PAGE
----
A troubling new study from the Renfrew Center finds makeup has become an addicting crutch for women. Of the 1,292 women surveyed, when not in makeup, 44 percent felt negative about themselves, 16 percent felt “unattractive” and 14 percent felt “naked.” 25 percent of the women also started wearing makeup at 13 or younger.
The pressure is somehow understandable considering a recent study by Procter & Gamble that found that ladies wearing more makeup (or in science-speak, “varying intensities of luminance contrast”) were deemed to be more competent than their barefaced counterparts. This obsession with looking perfect may also explain the growing market for permanent makeup.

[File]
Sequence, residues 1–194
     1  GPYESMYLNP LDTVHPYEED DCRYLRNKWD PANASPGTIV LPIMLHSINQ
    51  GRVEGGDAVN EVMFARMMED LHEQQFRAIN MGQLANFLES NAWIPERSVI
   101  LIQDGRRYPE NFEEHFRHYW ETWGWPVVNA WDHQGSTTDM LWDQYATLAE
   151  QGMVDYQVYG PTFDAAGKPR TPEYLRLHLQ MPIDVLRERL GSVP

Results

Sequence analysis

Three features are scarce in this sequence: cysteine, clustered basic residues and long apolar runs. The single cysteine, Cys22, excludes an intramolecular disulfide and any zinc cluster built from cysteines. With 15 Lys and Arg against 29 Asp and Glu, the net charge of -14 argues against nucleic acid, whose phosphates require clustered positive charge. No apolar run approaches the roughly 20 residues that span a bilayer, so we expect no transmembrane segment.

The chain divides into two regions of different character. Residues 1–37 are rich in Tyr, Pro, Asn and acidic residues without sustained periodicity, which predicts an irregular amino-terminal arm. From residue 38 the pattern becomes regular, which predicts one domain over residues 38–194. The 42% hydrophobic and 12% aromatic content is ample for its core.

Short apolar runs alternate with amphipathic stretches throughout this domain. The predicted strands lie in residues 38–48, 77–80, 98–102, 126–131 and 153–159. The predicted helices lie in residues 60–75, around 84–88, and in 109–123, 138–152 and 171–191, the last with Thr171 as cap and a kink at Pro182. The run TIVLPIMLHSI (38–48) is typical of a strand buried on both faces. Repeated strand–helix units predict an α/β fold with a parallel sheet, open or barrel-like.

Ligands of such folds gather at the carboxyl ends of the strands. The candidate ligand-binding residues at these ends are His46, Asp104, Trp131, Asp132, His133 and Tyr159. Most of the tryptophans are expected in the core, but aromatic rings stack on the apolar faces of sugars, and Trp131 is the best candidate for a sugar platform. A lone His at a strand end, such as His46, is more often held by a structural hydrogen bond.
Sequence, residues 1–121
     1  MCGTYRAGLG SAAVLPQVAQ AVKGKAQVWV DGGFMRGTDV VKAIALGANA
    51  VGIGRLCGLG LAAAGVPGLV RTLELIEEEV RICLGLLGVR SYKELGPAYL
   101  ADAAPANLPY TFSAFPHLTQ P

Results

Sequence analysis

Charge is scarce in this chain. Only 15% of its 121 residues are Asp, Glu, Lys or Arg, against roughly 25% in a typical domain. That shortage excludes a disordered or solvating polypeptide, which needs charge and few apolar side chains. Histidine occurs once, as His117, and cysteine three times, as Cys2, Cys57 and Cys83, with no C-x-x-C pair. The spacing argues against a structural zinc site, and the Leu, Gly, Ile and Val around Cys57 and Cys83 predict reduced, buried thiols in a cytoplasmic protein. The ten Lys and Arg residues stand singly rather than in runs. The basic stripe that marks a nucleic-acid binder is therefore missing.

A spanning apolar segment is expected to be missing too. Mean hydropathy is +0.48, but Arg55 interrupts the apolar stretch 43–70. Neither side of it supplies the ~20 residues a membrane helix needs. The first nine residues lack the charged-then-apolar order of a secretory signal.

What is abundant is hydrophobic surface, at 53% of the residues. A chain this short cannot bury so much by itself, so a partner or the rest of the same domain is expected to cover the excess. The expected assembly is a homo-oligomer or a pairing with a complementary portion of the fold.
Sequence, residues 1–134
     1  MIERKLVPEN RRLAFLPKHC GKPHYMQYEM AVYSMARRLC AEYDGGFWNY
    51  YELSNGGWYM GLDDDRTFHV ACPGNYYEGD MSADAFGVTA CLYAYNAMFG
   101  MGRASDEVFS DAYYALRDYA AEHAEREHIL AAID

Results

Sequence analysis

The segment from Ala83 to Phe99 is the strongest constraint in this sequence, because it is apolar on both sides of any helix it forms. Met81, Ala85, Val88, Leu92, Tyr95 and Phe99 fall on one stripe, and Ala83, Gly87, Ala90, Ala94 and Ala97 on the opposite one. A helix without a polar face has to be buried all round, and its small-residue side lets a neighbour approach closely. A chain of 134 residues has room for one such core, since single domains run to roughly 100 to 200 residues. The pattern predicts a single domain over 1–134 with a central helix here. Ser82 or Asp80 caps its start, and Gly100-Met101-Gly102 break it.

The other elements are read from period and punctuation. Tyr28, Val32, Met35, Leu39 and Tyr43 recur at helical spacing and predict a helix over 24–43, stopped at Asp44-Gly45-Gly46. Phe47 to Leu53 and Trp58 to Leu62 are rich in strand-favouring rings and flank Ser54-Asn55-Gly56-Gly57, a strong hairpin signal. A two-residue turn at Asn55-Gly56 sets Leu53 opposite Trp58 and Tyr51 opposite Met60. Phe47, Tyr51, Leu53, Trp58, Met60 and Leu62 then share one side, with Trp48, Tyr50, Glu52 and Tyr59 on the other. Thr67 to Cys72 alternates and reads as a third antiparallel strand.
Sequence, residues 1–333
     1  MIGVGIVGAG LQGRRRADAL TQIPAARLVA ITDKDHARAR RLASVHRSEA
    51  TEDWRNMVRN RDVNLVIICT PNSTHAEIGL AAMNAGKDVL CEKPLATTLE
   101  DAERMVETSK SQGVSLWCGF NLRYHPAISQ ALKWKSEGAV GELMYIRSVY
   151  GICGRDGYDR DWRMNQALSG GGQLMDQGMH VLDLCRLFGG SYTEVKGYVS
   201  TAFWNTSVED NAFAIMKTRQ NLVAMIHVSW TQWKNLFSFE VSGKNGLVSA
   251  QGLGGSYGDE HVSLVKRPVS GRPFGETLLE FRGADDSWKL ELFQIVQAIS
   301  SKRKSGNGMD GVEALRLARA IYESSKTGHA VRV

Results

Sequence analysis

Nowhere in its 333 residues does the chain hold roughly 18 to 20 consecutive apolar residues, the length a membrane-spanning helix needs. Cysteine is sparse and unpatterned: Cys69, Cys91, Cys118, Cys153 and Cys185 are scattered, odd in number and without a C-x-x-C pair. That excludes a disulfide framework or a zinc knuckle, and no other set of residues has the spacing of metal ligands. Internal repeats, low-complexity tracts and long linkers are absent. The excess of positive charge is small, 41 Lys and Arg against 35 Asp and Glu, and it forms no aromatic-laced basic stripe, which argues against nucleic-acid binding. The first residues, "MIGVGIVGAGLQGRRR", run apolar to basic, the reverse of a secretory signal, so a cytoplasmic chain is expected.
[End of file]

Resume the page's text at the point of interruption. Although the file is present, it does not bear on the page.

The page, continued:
The message that women are getting, whether from scientific studies or well-intentioned mothers, is clear: makeup is a necessity to success. Feminist bloggers have tried reclaiming natural beauty with No Makeup Week -- inspiring women across the nation to take the barefaced plunge.
But is that enough of a dent? This dependence on makeup not only suggests a sad truth about the expectations of women (expectations that they have placed on themselves and that they have received from society) but, lest we forget the lead-in-lipstick fiasco that is still unresolved, it also poses a serious health risk. What will it take for us to stop reaching for the eyeliner?
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